Cook County State’s Attorney Anita Alvarez says 82 percent of the people in the jail have two or more incidents of violence in their background. That paints a drastically different picture of the population than that being pushed by Cook County Board President Toni Preckwinkle.
Preckwinkle doesn’t run the jail, but as head of the county board she has to pay for it. For the past couple years she’s been drawing attention to overcrowding, saying 70 percent of the people held are there for nonviolent offenses.
Alvarez says that doesn’t take into account the criminal histories of the detainees.
“Maybe they got picked up on a drug case this time but they have a long history of violence, they have a long history of failing to appear in court. All that has to be taken into account when a judge sets bond,” Alvarez said Tuesday after a speech at the City Club of Chicago.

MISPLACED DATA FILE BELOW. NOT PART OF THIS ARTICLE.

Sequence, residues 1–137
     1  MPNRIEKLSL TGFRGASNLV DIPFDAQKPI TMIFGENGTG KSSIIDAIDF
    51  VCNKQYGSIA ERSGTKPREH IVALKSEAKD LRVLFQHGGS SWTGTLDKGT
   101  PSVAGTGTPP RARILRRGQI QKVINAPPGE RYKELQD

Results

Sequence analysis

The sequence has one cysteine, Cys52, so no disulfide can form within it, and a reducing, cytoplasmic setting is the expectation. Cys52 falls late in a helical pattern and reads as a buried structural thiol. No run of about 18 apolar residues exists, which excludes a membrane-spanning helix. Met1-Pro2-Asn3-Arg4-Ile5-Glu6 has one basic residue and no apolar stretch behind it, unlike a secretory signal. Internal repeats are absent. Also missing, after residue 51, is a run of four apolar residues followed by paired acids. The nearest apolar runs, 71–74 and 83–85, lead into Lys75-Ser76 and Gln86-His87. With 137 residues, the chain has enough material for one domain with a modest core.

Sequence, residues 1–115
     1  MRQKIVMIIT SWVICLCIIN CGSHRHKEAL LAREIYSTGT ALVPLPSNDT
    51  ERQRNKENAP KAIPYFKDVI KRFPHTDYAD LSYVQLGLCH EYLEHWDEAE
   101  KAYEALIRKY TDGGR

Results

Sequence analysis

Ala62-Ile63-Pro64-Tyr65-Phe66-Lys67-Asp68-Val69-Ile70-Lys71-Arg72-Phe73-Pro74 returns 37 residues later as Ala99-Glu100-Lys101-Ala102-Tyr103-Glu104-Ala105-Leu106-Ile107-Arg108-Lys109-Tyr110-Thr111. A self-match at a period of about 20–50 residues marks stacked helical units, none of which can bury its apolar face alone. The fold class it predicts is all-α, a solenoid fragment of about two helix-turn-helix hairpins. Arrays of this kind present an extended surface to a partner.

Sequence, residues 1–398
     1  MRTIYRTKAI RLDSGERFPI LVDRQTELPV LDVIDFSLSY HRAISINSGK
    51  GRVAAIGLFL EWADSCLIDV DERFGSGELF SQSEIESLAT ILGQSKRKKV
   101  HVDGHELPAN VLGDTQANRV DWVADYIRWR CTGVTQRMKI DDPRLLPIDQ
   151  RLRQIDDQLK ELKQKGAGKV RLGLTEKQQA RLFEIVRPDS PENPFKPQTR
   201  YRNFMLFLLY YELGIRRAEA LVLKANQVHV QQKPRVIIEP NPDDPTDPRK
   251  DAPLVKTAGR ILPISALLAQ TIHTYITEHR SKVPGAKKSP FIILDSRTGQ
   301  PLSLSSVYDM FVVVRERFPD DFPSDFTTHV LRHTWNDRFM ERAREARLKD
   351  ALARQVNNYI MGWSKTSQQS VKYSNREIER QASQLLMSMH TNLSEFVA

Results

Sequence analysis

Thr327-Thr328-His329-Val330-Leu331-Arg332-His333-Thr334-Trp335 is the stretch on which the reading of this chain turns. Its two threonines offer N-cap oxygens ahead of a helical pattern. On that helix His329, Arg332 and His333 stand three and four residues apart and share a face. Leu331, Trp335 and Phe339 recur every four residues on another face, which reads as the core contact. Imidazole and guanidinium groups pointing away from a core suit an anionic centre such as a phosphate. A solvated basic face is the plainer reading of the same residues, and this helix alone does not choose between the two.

The Illinois Supreme Court recently stepped in to clean up major problems in Cook County’s bond court system. The Court found that judges don’t have good information when they’re trying to decide whether someone should be deprived of their freedom and locked up while awaiting trial.
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